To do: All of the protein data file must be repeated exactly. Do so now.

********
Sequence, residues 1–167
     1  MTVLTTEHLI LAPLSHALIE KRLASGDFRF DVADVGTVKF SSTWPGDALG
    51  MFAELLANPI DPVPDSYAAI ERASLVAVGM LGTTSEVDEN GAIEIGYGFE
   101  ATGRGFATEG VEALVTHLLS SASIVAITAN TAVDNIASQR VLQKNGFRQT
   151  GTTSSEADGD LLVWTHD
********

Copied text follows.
Sequence, residues 1–167
     1  MTVLTTEHLI LAPLSHALIE KRLASGDFRF DVADVGTVKF SSTWPGDALG
    51  MFAELLANPI DPVPDSYAAI ERASLVAVGM LGTTSEVDEN GAIEIGYGFE
   101  ATGRGFATEG VEALVTHLLS SASIVAITAN TAVDNIASQR VLQKNGFRQT
   151  GTTSSEADGD LLVWTHD